Does It Matter That Science Can’t Detect God?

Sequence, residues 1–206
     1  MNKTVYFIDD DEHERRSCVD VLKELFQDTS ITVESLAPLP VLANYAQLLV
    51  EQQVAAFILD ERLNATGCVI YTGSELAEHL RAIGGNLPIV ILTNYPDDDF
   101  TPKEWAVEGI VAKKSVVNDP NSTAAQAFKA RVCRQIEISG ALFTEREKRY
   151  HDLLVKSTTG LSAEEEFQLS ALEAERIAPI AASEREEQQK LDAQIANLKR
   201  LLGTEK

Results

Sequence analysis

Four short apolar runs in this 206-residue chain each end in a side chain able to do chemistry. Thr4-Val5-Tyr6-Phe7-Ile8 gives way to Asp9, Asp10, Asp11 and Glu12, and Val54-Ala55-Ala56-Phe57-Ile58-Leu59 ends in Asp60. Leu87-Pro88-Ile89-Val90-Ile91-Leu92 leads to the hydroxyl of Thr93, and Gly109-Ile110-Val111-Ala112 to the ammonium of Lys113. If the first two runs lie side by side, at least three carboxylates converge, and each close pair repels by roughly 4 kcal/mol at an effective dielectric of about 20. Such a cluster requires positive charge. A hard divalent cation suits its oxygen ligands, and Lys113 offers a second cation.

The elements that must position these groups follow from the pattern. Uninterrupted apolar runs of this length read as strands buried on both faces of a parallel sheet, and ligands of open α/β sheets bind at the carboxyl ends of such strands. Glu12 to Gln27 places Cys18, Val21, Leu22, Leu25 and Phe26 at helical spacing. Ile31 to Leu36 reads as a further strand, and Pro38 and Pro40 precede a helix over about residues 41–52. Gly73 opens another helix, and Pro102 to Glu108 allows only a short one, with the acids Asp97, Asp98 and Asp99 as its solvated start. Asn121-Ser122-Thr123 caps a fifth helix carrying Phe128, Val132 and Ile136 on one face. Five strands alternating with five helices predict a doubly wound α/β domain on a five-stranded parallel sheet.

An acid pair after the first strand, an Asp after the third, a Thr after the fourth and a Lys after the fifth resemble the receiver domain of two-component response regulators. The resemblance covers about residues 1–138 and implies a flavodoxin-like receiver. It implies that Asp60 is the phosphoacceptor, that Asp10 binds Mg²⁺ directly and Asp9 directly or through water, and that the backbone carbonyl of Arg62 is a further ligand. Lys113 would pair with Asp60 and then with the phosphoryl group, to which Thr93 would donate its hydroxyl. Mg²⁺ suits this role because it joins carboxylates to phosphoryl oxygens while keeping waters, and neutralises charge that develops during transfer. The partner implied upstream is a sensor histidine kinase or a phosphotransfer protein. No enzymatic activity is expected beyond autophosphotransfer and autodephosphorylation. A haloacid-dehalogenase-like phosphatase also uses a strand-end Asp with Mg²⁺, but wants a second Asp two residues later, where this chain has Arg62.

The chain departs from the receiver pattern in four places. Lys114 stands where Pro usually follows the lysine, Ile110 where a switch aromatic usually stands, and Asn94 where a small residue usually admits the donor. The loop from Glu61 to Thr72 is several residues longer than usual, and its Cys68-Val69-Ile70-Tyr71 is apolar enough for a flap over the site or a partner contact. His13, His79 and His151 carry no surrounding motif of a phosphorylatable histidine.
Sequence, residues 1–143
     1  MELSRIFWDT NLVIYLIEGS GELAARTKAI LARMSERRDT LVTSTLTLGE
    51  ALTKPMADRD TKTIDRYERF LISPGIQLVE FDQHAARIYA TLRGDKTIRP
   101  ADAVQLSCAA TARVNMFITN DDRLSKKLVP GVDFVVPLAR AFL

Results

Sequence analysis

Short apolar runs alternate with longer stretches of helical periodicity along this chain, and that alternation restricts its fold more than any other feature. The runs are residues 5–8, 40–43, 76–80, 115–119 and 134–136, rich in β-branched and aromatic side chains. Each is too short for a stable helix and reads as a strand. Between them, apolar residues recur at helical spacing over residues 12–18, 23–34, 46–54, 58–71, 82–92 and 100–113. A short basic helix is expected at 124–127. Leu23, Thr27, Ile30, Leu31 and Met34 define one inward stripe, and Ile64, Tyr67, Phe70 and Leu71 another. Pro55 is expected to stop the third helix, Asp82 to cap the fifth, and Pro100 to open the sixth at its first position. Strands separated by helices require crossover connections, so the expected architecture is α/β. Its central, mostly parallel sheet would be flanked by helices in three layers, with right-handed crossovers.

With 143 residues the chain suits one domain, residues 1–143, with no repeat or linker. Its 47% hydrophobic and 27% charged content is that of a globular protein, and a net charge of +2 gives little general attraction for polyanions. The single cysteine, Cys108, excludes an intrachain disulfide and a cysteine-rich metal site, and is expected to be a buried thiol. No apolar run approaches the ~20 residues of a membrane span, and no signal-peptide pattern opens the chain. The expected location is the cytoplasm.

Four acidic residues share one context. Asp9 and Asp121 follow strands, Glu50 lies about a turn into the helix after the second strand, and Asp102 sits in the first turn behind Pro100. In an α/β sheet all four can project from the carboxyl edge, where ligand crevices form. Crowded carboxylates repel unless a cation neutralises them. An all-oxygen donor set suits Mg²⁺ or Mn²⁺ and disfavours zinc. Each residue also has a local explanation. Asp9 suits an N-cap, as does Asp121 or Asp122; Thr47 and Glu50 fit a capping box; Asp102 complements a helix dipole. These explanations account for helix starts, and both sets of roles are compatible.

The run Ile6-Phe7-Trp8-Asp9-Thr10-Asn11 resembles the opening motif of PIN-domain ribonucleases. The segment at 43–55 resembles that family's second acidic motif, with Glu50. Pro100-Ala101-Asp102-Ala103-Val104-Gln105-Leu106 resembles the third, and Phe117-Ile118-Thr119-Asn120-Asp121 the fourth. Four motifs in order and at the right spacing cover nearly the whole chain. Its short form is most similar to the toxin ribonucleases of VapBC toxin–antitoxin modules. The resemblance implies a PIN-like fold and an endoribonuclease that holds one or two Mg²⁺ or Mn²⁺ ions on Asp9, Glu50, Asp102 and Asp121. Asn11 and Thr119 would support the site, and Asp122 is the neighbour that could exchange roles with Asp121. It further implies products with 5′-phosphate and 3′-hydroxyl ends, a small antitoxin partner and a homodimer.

Atheists often justify their atheism by saying there’s no evidence for God. But when pressed about what type of evidence they’re looking for, it often turns out they’re only looking for scientific evidence. But this quest for truth starts off on the wrong foot. Science is an empirically based discipline, and as such is ordered to physical reality within our physical universe. But if science’s detecting powers are restricted to physical reality, and God by definition is a non-physical being, then how could science in principle detect God? The answer is, “It can’t!” Science can no more detect God than a metal detector can detect plastic cups. And to not believe in God because there is no scientific evidence for him is as unreasonable as refusing to believe there are plastic cups on the beach because a metal detector provided no evidence for them. The metal detector’s inability to detect plastic cups says nothing about whether or not plastic cups exist on the beach. It’s simply a manifestation of the limitations of the detecting powers of the instrument. Similarly, science’s inability to detect God says nothing about whether or not God exists; it’s simply a manifestation of the limitations of the detecting powers of science—it can be used to detect only that which is empirically verifiable and quantifiably measurable. To say that God doesn’t exist because science can’t detect him is to confuse the method for knowing reality with reality itself. In order to know the things that science can’t, such as God, we must use other methods, such as philosophy. So, it really doesn’t matter that science can’t detect God, and therefore it’s not a justifiable reason to be an atheist. If you want to learn more about this topic and others like it, visit our website at catholic.com. For Catholic Answers, I’m Karlo Broussard. Thanks for watching.

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